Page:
stand and walk through the archway. When I did it, it felt like very slow
A very friendly and smiling assistant took me to an office and completed a
questionnaire. She requested my signature, showed me a model of the female
reproductive system and explained how conception occurred. I was told some
tissue would be removed by the doctor and that the procedure would take ten
minutes. I knew in my heart that this was wrong, but at this moment I felt the
clinic had total authority over me.
I was draped and prepared by the friendly assistant. The doctor said nothing to
me. The procedure caused severe cramps and I felt as though my body was being
internally torn. The friendly assistant kept rubbing my stomach and shoulder. I
asked to see my baby. I had heard the water suction machine stop. I expected to
see a small 3"0" mass of tissue on a little tray. Three times the doctor and
assistant said I didn't need to see, but I insisted. I could feel their eyes
burning on my face as they held up a large canister jar filled to the top with
shredded parts and fluid. I froze and became limp and lifeless. I kept thinking,
"What did they do to me?" I laid on a cot in a small room and could hear girls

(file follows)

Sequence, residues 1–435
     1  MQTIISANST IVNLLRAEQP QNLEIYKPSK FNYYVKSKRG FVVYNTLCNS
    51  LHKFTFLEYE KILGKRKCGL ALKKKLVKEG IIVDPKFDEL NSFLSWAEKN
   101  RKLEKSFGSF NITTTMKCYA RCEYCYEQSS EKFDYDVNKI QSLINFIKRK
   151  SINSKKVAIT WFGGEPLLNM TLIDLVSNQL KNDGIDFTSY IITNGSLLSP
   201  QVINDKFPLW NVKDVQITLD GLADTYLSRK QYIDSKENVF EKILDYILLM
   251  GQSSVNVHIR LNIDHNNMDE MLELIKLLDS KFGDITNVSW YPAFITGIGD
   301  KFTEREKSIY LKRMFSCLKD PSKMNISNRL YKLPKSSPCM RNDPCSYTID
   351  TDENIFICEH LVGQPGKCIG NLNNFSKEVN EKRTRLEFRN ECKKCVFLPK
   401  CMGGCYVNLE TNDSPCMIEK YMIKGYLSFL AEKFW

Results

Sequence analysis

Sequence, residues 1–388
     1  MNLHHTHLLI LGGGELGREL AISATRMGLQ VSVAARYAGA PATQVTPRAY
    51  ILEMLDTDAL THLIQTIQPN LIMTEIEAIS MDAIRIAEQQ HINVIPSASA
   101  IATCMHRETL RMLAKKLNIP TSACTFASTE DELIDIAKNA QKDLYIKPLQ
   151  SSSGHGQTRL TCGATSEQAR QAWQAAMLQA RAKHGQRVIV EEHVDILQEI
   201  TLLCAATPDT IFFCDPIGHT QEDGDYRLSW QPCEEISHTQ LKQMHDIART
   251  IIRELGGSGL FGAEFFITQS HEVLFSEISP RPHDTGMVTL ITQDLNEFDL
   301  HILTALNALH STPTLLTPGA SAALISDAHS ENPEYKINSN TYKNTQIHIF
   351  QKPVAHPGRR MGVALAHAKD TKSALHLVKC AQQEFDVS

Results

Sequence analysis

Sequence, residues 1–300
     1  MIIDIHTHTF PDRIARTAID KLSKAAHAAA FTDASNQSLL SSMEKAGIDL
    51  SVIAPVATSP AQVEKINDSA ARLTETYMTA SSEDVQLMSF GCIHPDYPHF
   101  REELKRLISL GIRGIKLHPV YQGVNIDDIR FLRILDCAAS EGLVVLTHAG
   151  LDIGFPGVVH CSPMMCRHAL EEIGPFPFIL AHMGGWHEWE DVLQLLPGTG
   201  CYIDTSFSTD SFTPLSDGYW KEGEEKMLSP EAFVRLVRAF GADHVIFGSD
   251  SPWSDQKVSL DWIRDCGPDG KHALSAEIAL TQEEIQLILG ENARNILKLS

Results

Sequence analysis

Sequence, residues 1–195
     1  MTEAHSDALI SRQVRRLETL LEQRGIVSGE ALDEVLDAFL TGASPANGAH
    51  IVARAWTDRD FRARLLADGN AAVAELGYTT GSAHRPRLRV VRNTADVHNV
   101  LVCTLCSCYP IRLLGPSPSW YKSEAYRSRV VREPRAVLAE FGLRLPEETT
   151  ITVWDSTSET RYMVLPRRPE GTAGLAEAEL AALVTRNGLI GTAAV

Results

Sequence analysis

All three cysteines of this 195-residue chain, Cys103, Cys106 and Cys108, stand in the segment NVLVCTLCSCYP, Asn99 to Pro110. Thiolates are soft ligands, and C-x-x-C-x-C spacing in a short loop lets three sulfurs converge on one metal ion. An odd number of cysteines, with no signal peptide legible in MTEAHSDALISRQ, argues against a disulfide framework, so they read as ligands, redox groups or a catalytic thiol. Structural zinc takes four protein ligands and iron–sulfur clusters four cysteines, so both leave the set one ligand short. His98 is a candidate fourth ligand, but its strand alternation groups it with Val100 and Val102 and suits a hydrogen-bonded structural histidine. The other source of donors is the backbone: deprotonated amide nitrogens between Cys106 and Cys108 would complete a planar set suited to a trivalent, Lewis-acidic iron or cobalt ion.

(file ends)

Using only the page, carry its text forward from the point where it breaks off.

leaving the clinic through the back door. I had absolutely no feeling and the
tears flowed out of the corners of my eyes like a river. Where was the friendly
assistant? Where was my husband? What had happened to me? What was that which I
had seen? Why was the canister filled to the top?
I told everyone who knew
about my pregnancy that I had a miscarriage. . I could not bear the physical
loss of part of me. I bought a gold necklace with a small dove. I told myself
this would be a symbol of my baby, always with me. Within 90 days of the
abortion my younger sister lost her 15 month old son to an accidental drug
overdose. When the small white casket was closed, I saw the real physical
death of my unborn child. I felt I was really losing my mind. My doctor
prescribed tranquilizers during, and for a period of time after, the funeral.
After the abortion I developed what has been called the "Shirley Temple
Syndrome". I had my hair cut like Farah Fawcett. I took all the pants and jeans
from my closet and replaced them with the most feminine clothes I could find. I
surrounded myself with bows and face that guaranteed that my image would be
"sweet and innocent." I was trying to prevent anyone from hurting me. I became
obsessed with any physical flaws on my body and spent hours pampering myself for
the sake of my "image".
I was working in a male dominated profession in a women's liberation era. My
"sweet" look, which was created to protect me, failed. I looked provocative to
the men I feared and found myself locked in clients conference rooms, solicited
for affairs, etc. This contributed to a deepened sense of intimidation by men.